If so, what type of protection is recommended? And is it still needed if you have a whole-home surge protector installed at the load center? (I do, FWIW).


Wow some bad info here. Surge protection as identified for line surges from the power company or on separate circuits are best protected as close to the main as possible. If you have a dedicated circuit for the fridge you need no other protection. The whole home protection will take care of small motor loads better than a point of use in the case of a dedicated fridge, washing machine (laundry circuit is dedicated) those are most homes big loads other than a well and again normally a dedicated circuit or sub.

If you have sensitive electronics don’t put them on the same circuit as motor loads. Most point of use issues I have been called in for are meltdowns on homes that did not have whole house suppression. The elcrapo point of use “ surge protectors” really do almost no good and when they actually dump a good jolt to ground many melt down.
Why do I say this the point of use normally have a much higher breakdown voltage so you think they are doing a good job because the little green light is on but they don’t start working in many cases until over 800v spikes, if they don’t have a monitor that verifies they are functioning they are useless as you don’t know if they are good (they are designed to blow open when overloaded). If you could not get one with a monitor because you don’t have a proper ground is it still good? If your whole house unit is still green your point of use will be also. So as you can tell I am not a fan of point of use I have seen probably close to 50 melt down melt carpeting and damage furniture but none caught fire yet smoke yes. They all had the same issue they were not mounted on a non combustible surface. Well do you want a point of use where it can do damage inside or a unit mounted on or close to your breaker panel that dose a better job in the first place.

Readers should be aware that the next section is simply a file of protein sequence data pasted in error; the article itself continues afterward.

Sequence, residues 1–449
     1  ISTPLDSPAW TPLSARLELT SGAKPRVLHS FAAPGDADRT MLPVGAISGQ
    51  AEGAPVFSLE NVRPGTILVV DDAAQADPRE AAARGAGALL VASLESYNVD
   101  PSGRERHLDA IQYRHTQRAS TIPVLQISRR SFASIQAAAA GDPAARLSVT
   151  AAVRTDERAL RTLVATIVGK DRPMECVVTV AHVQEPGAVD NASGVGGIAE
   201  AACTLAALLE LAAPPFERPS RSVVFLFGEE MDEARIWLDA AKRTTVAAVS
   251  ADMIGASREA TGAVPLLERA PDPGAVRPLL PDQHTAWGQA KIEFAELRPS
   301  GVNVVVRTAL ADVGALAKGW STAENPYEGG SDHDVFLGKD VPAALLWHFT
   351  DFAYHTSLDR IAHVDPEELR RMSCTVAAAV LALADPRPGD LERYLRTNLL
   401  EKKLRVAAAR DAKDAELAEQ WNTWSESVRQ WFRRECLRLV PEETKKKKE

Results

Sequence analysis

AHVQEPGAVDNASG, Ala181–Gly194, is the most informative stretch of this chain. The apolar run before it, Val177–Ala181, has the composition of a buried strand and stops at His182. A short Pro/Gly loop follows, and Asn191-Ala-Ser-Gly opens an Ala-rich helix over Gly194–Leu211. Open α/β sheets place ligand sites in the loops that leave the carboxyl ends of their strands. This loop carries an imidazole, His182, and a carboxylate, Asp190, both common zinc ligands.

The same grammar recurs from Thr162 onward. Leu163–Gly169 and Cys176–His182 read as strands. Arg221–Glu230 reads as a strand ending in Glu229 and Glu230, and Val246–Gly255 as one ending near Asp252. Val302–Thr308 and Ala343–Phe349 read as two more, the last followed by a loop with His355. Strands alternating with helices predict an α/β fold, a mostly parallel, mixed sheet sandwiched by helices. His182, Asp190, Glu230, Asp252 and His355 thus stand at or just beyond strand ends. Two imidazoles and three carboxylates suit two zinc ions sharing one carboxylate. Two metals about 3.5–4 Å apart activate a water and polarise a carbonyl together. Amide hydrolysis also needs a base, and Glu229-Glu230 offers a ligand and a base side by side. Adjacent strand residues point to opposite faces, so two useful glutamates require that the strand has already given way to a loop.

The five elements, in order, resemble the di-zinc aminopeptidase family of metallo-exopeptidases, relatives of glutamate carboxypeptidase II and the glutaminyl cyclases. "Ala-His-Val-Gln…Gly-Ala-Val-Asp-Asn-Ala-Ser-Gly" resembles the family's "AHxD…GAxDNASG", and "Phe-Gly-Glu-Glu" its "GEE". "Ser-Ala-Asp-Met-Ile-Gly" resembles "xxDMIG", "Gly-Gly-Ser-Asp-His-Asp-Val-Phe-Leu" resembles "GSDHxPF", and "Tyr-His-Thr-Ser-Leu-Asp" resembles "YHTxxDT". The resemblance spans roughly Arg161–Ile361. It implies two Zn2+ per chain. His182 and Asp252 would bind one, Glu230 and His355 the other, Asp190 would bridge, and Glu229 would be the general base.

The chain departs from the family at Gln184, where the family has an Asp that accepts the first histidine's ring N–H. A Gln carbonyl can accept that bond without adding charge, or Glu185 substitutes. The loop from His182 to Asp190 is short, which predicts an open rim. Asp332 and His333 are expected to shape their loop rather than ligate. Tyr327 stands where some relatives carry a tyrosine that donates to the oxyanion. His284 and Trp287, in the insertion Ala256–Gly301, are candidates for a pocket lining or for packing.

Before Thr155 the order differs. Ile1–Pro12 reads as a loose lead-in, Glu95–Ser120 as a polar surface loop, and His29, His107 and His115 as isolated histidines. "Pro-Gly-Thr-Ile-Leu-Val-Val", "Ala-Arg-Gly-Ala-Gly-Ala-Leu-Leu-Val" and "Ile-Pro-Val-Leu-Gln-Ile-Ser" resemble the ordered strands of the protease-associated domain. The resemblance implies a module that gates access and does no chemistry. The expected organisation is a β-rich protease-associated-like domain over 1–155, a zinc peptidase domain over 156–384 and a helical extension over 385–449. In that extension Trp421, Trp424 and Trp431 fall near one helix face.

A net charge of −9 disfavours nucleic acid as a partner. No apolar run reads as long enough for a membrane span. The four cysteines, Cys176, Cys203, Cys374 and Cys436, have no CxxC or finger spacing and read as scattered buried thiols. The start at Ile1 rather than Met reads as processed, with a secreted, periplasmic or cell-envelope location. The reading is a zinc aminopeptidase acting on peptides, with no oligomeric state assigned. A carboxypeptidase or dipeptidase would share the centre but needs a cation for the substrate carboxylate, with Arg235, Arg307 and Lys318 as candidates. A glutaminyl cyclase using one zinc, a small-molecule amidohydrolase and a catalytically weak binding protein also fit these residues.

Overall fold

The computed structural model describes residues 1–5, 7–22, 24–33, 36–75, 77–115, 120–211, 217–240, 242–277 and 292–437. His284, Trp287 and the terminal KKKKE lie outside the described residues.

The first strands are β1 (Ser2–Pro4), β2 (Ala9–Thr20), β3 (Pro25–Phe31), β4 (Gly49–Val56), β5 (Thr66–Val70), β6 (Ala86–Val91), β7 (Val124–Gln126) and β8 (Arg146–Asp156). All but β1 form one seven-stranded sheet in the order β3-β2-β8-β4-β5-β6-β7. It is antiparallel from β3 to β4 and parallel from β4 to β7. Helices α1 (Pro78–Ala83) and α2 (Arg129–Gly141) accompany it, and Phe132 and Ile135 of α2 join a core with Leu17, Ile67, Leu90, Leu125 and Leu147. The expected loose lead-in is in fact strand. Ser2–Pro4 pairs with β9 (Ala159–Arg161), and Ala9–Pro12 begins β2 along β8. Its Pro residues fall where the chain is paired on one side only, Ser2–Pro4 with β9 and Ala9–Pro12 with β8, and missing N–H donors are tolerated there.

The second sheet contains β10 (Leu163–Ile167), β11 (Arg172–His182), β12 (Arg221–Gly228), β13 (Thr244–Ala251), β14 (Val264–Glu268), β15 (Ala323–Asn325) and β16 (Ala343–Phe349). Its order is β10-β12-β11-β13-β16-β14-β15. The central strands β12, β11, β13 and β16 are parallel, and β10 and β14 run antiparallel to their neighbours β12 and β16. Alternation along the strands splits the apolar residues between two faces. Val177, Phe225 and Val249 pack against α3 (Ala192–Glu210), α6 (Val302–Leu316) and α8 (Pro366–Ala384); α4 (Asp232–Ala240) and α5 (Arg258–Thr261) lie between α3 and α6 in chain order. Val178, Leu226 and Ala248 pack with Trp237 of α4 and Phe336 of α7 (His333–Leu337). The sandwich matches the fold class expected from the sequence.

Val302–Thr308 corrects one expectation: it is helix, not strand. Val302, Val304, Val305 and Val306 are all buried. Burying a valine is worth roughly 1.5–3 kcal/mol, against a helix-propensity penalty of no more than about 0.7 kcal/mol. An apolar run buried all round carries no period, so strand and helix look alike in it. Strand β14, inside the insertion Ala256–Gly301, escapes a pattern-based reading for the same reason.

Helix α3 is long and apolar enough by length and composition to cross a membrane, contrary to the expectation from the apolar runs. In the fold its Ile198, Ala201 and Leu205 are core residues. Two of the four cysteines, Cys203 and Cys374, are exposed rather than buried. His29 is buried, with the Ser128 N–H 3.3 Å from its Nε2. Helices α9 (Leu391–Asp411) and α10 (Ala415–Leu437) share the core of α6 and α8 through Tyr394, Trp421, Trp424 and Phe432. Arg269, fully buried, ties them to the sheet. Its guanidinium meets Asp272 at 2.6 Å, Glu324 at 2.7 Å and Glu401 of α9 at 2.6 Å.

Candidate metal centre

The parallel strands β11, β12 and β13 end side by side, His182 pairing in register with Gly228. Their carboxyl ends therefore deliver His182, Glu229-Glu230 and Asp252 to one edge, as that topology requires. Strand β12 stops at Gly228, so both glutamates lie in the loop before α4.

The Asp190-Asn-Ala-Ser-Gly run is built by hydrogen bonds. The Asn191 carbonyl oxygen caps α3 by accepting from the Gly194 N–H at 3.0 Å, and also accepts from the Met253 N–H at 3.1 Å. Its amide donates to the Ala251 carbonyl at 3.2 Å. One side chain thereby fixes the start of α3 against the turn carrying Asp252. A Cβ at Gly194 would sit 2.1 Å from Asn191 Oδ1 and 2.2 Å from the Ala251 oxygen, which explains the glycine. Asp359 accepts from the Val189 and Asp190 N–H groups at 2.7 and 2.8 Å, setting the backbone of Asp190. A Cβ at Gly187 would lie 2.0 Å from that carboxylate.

• Sorry but you're dead wrong on the distance issue. Most manufacturers of MOV type surge protection, which is 99% of what's on the market, have whitepapers explaining that the protection works best when it's closest to the protected equipment due to the effect of inductance in the wire on let-through voltage. This is the same reason you keep the leads as short as possible when installing surge protection at the panel. Remember, they are parallel devices, not inline / series surge protection. – batsplatsterson Dec 3 '20 at 11:02
  • surge protection as close to the main as possible is the best if you read my answer second sentence I did say exactly that! not only am I a electrician but I have a degree in electronics. It makes absolute no difference on dedicated circuits and the cheap point of use strips because the MOV’s have a higher break down voltage. The cheap point of use ones are also known for melting down I have read about them catching fire but I have only observed meltdowns. – Ed Beal Dec 3 '20 at 14:15
  • With all due respect (and you are due considerable respect!) that is what I am disputing, nearer the main breaker is less effective than protection near the protected equipment. – batsplatsterson Dec 3 '20 at 15:44